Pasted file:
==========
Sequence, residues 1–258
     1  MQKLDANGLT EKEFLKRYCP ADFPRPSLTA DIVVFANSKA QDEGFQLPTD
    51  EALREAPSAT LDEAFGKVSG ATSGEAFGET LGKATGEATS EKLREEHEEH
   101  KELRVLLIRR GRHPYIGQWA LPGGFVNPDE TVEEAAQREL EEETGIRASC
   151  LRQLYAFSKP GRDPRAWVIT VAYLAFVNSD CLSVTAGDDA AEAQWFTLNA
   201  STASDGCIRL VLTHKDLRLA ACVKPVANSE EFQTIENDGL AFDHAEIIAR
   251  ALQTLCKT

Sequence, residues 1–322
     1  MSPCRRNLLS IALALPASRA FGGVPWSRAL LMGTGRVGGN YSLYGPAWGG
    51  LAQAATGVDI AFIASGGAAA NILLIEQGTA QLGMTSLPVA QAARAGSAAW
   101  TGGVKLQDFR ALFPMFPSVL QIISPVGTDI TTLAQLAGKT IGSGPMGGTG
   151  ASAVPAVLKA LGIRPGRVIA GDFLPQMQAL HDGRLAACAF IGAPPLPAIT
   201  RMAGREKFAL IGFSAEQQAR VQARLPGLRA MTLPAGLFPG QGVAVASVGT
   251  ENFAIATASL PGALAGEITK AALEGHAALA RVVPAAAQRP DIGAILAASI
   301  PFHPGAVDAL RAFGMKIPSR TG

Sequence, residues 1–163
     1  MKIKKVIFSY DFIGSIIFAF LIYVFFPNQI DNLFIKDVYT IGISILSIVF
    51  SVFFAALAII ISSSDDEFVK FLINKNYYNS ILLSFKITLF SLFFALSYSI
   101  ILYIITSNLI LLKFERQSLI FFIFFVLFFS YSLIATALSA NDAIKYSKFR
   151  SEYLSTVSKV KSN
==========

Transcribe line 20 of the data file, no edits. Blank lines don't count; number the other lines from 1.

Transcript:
   151  SEYLSTVSKV KSN